7B: Cognition

Thinking, Problem Solving, Creativity, and Language

"The average newspaper boy in Pittsburgh knows more about the universe than did Galileo, Aristotle, Leonardo, or any of those other guys who were so smart they only needed one name."

Daniel Gilbert, Stumbling on Happiness, 2006


Thinking, or cognition, refers to all of the mental activities associated with thinking, knowing, remembering, and communicating. In its simplest form, thinking can be broken down into concepts, problem solving, and decision making/judgment forming.

In order to think about all of the events, objects, and people in our world we simplify things by forming concepts, mental groupings of similar objects, events, idea, and people. While some concepts form by definition, most concepts form by developing prototypes. All of these concepts are further organized into categories known as hierarchies. Heuristics offer shortcuts for when we need to act quickly. There are two main types of heuristics: availability and representativeness. For example, the following image satirizes the availability heuristic's impact on the danger of sharks by comparing them to coconuts.

The benefit of concepts is that they serve to speed up and guide our thinking. While they speed up cognition, they do not make us wise. For example, if a heart attack victim does not show the signs of a prototype heart attack, one might fail to recognize it as a heart attack and fail to get proper help.

Beyond the concept of concepts is the idea of the human ability to solve problems. The brain relies on two main strategies when solving problems: algorithms, and heuristics. Through these two strategies the brain relies on trial and error to solve a problem. While algorithms are step-by-step procedures that guarantee a solution, heuristics are simpler and faster procedures but are more error prone. When neither of these methods work, we occasionally have moments of insight, bursts of activity in the right temporal lobe where the answer to the problem sudden pops into our mind.

Problem solving requires a certain level of creativity, the ability to produce novel and valuable ideas. In line with creativity there are two different kinds of thinking: convergent, where there is only one answer, and divergent, where the answer requires creativity. Sternberg broke creativity into five separate components: expertise, imaginative, a venturesome personality, intrinsic motivation, and a creative environment.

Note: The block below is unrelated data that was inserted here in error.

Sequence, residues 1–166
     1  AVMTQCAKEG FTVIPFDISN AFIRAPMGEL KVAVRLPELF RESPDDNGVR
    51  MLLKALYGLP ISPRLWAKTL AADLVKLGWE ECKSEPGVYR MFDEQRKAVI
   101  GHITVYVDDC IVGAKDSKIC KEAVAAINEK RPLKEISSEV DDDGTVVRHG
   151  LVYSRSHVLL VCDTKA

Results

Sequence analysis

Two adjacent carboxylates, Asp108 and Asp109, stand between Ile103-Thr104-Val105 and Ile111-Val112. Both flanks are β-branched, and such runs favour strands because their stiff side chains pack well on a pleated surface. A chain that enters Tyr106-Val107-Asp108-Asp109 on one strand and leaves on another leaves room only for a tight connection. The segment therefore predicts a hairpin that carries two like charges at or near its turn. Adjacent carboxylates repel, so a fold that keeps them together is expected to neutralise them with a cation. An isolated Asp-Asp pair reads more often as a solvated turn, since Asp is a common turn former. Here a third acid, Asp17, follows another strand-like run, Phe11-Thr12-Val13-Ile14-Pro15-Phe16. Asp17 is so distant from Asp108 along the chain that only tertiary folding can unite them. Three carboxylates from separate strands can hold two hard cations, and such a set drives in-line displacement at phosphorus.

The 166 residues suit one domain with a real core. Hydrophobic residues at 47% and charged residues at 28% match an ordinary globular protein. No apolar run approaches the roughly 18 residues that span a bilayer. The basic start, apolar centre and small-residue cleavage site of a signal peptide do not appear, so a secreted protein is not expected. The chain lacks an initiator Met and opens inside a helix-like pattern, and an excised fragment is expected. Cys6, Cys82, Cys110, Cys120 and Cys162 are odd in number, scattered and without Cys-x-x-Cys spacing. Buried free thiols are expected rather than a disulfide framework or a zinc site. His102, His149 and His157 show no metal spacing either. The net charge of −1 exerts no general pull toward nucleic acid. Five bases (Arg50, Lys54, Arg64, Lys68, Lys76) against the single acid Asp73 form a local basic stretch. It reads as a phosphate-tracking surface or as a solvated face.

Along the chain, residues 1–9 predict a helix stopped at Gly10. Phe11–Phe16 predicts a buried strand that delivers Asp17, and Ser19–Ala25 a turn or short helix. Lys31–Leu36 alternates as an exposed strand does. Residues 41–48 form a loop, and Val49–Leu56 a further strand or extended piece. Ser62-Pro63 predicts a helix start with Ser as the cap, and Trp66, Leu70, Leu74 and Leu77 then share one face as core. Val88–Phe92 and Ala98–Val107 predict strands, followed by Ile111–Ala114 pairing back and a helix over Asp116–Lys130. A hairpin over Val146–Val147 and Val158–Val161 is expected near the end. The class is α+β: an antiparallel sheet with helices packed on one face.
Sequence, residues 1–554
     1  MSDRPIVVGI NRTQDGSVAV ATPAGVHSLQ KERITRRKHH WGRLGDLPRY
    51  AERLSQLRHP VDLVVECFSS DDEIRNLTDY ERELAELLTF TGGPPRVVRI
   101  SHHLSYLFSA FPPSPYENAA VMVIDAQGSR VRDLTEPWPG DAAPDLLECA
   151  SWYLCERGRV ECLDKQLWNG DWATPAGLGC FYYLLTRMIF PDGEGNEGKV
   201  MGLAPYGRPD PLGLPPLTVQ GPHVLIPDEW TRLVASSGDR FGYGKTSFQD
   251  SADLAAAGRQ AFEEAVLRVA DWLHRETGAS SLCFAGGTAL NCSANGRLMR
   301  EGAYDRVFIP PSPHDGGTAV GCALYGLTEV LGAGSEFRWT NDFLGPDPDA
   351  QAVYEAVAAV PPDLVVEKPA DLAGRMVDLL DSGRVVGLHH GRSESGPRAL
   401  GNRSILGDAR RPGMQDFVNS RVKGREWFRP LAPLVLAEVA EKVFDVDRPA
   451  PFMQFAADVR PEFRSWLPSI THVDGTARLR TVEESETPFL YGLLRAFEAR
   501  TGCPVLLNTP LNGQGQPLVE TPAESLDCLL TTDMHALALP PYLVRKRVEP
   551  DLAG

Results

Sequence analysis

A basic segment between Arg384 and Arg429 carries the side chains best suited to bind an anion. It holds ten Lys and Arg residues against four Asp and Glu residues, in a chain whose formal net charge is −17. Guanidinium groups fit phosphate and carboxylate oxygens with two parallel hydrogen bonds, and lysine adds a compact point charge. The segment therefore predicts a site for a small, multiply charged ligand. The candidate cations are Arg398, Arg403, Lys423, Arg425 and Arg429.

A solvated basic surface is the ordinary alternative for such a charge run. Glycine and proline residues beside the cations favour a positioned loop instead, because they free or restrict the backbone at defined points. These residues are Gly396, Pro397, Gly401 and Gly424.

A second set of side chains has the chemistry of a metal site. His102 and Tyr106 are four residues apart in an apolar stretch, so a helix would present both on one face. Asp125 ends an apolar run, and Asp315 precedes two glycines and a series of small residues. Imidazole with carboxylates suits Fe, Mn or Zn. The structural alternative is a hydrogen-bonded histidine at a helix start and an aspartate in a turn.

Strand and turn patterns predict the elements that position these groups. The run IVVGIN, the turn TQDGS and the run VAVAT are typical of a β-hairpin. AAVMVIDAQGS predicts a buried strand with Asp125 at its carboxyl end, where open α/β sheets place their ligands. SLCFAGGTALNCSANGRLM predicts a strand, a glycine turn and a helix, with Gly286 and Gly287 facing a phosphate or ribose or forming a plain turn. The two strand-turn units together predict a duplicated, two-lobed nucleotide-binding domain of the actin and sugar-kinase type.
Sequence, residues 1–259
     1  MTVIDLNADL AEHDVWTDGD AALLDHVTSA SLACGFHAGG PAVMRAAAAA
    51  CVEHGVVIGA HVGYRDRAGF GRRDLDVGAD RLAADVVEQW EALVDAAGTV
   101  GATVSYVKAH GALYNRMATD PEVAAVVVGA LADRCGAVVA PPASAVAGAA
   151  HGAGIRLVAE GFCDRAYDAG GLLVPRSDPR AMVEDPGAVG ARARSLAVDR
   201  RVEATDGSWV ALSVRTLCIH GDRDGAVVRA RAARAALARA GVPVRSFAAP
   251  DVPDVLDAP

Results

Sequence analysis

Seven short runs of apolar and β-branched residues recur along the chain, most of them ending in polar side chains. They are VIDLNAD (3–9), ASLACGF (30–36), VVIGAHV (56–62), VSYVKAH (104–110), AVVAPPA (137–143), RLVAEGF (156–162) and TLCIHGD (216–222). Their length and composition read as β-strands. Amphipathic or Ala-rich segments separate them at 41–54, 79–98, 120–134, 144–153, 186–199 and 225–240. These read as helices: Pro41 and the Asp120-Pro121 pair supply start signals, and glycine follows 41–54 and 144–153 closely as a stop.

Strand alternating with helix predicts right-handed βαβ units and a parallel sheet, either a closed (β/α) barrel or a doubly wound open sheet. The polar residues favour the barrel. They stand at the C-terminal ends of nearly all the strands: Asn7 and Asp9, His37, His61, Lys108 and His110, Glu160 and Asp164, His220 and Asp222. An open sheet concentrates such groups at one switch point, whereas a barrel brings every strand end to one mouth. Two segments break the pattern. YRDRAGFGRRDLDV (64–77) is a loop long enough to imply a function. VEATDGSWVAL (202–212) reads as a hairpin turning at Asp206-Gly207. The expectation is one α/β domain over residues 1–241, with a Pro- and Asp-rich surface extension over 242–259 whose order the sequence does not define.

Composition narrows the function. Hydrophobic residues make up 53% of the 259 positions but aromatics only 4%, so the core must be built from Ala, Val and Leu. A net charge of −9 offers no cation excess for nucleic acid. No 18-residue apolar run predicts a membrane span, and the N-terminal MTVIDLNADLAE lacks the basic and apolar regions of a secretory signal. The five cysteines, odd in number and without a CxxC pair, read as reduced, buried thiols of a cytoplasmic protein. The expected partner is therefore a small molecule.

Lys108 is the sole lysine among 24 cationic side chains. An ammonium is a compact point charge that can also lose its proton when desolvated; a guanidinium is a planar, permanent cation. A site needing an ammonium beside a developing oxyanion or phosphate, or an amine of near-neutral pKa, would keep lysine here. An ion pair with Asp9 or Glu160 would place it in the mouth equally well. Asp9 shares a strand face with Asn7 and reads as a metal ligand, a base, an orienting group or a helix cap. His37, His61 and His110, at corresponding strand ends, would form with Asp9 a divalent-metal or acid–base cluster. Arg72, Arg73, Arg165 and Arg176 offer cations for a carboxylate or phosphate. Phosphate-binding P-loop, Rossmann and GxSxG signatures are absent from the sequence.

With problem solving comes cognitive tendencies that act as obstacles. The two key obstacles are confirmation bias and fixation. One's mental set can also lead to fixations such as functional fixation.

The combination of our use of heuristics, our eagerness to confirm our existing beliefs, and our knack for explaining away our behaviors combine to create overconfidence.

Intuition enables us to react quickly and usually adaptively. Intuition also feeds our expertise, creativity, love, and spirituality.

Issues presented in different ways result in different answers as a result of framing, how an issue is proposed.


Language, our spoken, written, or spoken works and the way we combine them as we think and communicate.  Through language we are able to share our cognitive thoughts with other people.

Spoken language has building blocks referred to as phonemes, basic units of sound, and morphemes, that smallest units of sound that carry meaning. Language also abides by a system of rules known as grammar, which is further broken down into semantics, deriving meaning, and syntax, using rules to order words into meaningful sentences.  According to Nom Chomsky, children acquire untaught words and grammar at a rate that is too large to be explained solely by learning principles.  Chomsky saw that given adequate nurture, language will occur naturally.